Some Iraqis Think the U.S. Is Secretly Supporting ISIS: ‘It Is Not in Doubt’
Some Iraqis Think the U.S. Is Secretly Supporting ISIS: ‘It Is Not in Doubt’

Many Iraqis believe the United States is secretly supporting terror group ISIS, also known as the Islamic State, according to a new report.

Videos purportedly showing U.S. helicopters airdropping weapons to the militants have been circulating across the country, and many citizens say themselves or people they know have seen it happen in person.

“It is not in doubt,” said Mustafa Saadi, who told the Washington Post that his friend saw U.S. helicopters delivering bottled water to Islamic State positions.

Saadi, a commander of a Shiite militia who has been battling the terror group, said that ISIS is “almost finished.”

“They are weak,” he said. “If only America would stop supporting them, we could defeat them in days.”

Iraqi security forces take combat positions at the front-line with Islamic State group militants as Iraqi Army and allied Sunni volunteer tribal fighters are supported by U.S.-led coalition airstrikes in Ramadi, the capital of Iraq's Anbar province, 70 miles (115 kilometers) west of Baghdad, Iraq, Wednesday, Dec. 2, 2015. (AP Photo/Osama Sami)
Iraqi security forces take combat positions at the front-line with Islamic State group militants as Iraqi Army and allied Sunni volunteer tribal fighters are supported by U.S.-led coalition airstrikes in Ramadi, the capital of Iraq’s Anbar province, 70 miles (115 kilometers) west of Baghdad, Iraq, Wednesday, Dec. 2, 2015. (AP Photo/Osama Sami)

 

The claims have been circulating for a number of months on social media, and elected officials have promoted them. For example, a video that allegedly showed U.S. military meals in packages at a recently captured ISIS base in Baiji was published on the Facebook page of an official affiliated with the country’s biggest militia group. 

But U.S. officials say the claims are bogus.

“It’s beyond ridiculous,” Col. Steve Warren, the military’s Baghdad-based spokesman, told the Post.

“There’s clearly no one in the West who buys it, but unfortunately, this is something that a segment of the Iraqi population believes.”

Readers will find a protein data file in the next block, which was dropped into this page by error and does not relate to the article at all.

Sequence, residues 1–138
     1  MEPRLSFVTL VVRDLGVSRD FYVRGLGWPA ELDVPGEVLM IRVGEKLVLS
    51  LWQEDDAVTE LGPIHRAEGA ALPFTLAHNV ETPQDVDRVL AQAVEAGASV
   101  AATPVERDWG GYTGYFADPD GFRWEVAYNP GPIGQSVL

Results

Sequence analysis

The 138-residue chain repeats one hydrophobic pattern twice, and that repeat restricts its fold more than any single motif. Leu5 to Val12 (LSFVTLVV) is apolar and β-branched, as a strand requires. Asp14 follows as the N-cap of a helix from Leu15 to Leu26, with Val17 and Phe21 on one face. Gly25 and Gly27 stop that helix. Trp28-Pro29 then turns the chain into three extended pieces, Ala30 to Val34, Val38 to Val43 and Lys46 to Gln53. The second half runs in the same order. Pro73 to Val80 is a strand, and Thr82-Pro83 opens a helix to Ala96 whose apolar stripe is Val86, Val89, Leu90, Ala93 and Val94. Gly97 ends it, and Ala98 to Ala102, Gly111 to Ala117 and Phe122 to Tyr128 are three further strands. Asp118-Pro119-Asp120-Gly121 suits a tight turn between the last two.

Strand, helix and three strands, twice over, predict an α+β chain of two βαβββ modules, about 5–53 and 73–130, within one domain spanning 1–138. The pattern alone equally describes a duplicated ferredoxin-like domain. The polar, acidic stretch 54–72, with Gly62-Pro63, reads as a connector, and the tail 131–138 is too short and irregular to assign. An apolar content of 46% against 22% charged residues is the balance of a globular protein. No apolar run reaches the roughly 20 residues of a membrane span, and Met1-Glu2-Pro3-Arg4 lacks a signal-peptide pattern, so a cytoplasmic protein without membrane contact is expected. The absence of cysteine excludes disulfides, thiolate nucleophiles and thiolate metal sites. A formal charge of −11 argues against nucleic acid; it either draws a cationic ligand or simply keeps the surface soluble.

Other Iraqi officials say they don’t believe the claims, but admit the perception is hurting the war effort. 

“We don’t believe the Americans support Daesh,” said Naseer Nouri, spokesman for the Ministry of Defense, using the Arabic acronym for the Islamic State. “But it is true that most people are saying they do, and they are right to believe that the Americans should be doing much more than they are. It’s because America is so slow that most people believe they are supporting Daesh.”

In this Thursday, June 20, 2013 file photo, special operations forces from Jordan and the U.S. conduct a combined demonstration with commandos from Iraq, unseen, as part of Eager Lion multinational military maneuvers, at the King Abdullah Special Operations Training Center (KASOTC) in Amman, Jordan. (AP Photo/Maya Alleruzzo, File)
In this Thursday, June 20, 2013 file photo, special operations forces from Jordan and the U.S. conduct a combined demonstration with commandos from Iraq, unseen, as part of Eager Lion multinational military maneuvers, at the King Abdullah Special Operations Training Center (KASOTC) in Amman, Jordan. (AP Photo/Maya Alleruzzo, File)

 

Some Iraqis think that America isn’t doing enough to fight ISIS, adding to the perception that they actually support the terror group. Even if some Iraqis don’t go that far, they think the U.S. has not done enough.

“It is a deeply widespread belief among Iraqis of all persuasions that the Americans did not do enough,” Fawaz Gerges, a professor of Middle Eastern politics and international relations at the London School of Economics, told NBC News.

“It is a belief held across the board of the Iraqi political class. ISIS has been able to manipulate and exploit the contradictions and tensions that exist between the coalition partners.”

They’re using that tension to bolster confidence in their group.

“ISIS has already won strategically because they have won the narrative. What’s the narrative? We are winning,” he said. “This provides nourishment and sustenance to recruits worldwide.”

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